"25 Under 25" is the second volume of the collection of work of young, up and coming American photographers. Curator Sylvia Plachy selected the photographers based on whom she believes offer the viewer the greatest passage into a visual epiphany.
The body of work covers everything from the political to the metaphysical, and each photographer has in common the fact that they offer a unique truth through their extraordinary abilities in visual storytelling.
I was most excited by the work of Ami Howard, who opens up the lid on what we assume to be reality and takes an eerie look inside with her series, "Other Dimensions." Howard riffs off of a strange ritual of the eighteenth century French Jansenists, who would often transcend reality by convulsing until they entered trance-like states. She repeats the image of an obscured creature covered in a sheet, alone and oscillating in different environments. Howard's work is a perfect example of the way a photographer can not only bring us into a single moment but also show us something that we may not have considered as to what it means to be alive.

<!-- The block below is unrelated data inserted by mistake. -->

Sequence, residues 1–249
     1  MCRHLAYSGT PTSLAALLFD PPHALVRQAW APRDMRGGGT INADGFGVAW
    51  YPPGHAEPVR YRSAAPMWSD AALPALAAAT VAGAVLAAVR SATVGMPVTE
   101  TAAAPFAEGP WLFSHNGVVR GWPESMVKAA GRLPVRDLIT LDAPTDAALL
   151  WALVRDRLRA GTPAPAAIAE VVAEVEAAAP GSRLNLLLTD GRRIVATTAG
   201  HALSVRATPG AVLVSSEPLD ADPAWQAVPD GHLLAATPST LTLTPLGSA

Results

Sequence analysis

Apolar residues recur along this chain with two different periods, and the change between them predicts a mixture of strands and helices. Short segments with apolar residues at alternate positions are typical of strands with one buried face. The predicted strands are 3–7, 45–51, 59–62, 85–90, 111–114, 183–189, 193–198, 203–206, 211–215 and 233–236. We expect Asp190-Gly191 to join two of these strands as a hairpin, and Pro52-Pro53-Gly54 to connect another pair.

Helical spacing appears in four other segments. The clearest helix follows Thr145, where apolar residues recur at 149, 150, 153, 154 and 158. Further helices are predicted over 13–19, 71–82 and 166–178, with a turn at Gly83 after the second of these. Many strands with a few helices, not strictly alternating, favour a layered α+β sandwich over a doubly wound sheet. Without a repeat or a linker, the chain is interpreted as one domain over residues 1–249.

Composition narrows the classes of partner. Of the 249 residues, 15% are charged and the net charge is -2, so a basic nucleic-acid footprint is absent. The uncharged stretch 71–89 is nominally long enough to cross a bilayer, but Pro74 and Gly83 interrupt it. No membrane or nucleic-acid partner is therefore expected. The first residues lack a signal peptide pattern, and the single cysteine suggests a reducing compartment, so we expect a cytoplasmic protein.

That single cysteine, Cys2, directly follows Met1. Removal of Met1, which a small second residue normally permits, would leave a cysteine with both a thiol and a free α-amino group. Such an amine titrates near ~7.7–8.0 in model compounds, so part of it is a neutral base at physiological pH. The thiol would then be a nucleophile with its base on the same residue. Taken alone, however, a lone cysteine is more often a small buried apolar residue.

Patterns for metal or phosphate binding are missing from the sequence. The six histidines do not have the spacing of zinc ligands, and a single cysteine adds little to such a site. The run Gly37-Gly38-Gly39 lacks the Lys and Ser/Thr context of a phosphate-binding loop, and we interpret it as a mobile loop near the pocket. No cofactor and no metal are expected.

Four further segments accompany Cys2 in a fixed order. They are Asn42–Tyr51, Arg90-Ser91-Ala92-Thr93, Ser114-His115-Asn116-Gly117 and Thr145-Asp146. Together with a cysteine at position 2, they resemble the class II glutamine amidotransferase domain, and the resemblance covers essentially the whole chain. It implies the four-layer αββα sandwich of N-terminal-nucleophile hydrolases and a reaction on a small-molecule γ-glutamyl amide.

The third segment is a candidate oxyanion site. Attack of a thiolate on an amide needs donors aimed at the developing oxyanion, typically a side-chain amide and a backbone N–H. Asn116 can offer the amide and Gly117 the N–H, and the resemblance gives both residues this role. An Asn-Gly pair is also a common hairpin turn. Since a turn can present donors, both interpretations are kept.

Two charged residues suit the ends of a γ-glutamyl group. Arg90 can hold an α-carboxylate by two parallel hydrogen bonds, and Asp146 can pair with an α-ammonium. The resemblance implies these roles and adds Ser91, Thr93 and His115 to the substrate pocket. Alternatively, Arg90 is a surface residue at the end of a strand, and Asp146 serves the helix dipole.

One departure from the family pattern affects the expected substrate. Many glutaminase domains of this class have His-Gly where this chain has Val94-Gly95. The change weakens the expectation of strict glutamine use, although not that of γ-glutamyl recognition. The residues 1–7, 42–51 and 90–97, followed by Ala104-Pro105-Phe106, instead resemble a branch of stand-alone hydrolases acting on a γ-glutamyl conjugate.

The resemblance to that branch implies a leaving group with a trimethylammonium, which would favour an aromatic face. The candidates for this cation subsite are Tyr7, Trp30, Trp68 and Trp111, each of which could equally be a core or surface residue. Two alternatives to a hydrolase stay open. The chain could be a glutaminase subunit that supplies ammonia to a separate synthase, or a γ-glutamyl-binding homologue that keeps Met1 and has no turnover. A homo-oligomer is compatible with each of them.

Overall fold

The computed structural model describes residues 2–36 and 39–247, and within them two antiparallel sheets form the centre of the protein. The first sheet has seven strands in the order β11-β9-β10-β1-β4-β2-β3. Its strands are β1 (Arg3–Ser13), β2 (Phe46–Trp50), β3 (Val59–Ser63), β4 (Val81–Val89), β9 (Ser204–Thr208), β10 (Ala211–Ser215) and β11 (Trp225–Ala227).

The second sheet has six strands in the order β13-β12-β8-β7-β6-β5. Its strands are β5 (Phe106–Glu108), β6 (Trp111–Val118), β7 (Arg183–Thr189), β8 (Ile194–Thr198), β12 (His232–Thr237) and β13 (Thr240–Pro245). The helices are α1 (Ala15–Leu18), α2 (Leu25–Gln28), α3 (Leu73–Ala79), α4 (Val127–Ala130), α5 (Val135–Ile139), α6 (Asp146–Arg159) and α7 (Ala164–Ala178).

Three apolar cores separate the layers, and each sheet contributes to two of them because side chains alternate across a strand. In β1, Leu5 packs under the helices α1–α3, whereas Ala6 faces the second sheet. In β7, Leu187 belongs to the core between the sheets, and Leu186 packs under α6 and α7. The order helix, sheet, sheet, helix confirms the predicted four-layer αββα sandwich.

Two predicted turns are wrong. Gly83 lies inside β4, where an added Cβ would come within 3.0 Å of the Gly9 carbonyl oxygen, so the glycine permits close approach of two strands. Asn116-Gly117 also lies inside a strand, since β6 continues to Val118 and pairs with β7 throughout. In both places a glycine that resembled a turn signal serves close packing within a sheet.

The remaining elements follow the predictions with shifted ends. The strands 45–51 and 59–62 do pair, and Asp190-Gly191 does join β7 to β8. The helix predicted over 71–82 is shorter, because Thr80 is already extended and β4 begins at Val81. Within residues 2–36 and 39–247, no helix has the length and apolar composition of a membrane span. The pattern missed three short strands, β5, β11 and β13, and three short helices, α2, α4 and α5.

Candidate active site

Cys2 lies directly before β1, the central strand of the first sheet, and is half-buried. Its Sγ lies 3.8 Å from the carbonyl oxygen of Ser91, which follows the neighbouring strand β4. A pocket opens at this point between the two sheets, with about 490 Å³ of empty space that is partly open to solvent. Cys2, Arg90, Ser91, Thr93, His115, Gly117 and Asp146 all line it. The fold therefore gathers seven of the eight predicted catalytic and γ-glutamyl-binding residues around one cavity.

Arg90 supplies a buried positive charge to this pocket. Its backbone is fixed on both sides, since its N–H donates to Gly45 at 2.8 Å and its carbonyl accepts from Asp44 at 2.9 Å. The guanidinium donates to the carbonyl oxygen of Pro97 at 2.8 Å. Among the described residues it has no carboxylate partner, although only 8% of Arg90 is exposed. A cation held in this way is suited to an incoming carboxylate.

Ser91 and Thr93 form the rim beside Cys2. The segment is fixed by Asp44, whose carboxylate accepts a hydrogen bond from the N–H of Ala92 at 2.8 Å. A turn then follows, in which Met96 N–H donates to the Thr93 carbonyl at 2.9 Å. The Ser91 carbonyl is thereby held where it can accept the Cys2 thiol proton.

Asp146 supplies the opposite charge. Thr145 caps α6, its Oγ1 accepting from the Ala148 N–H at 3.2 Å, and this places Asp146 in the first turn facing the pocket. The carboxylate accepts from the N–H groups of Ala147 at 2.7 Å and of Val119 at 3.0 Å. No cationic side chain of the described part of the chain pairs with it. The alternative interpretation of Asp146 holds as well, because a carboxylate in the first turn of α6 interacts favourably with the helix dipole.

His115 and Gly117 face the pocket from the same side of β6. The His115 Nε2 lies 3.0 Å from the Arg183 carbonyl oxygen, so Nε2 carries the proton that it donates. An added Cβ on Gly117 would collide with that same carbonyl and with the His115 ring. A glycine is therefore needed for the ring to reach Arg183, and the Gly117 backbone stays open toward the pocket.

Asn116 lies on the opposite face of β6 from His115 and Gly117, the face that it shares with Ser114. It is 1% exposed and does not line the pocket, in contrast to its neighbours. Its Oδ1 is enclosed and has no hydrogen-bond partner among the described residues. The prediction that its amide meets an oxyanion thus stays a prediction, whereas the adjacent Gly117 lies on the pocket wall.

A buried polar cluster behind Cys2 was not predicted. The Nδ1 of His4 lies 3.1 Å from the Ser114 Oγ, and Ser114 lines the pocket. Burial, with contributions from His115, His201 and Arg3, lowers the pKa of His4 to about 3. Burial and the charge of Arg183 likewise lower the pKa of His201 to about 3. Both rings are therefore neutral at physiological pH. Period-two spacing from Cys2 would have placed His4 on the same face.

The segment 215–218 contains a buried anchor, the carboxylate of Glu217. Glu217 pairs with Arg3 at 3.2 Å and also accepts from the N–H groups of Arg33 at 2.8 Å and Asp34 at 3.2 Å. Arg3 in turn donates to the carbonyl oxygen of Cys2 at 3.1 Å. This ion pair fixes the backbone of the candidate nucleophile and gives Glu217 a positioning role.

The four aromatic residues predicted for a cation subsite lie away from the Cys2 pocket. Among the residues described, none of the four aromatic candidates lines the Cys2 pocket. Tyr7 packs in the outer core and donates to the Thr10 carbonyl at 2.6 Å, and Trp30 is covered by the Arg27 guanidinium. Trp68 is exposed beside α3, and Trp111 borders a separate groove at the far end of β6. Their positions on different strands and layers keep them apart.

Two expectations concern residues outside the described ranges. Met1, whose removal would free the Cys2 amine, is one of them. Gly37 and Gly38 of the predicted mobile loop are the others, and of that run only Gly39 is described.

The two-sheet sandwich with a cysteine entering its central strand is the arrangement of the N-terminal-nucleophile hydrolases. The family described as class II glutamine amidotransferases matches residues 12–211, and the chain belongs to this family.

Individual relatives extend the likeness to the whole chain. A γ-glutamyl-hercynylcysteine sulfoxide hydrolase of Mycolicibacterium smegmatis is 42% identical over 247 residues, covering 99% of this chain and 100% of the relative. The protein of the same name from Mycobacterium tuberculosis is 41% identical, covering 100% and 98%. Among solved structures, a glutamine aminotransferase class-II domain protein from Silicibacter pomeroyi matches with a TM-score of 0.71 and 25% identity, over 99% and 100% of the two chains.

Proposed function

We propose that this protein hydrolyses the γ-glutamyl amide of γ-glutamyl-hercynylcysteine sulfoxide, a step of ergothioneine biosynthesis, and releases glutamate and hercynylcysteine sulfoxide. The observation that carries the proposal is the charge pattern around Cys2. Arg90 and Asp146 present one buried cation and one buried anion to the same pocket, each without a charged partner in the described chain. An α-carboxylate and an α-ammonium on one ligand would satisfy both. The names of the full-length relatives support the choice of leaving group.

"Emptiness is the homeostasis of a space" is the premise of Greg Mrotek's series, "Between Rooms," exploring emptiness as a signifier of transition and as something that holds its own story. "In some, the physical appearance is changing; in others, the space itself awaits new occupants or reveals old ones."
Futoshi Miyagi merges social experimentation and sexuality with photography with his quirky series, "Loving Strangers." He says, "The procedure was simple: go to a stranger's place and take photographs of us together, acting as if we were in a relationship." Miyagi's images feel awkward and resonate deeply, akin to the films of Werner Fassbinder.
Pick it up from Amazon.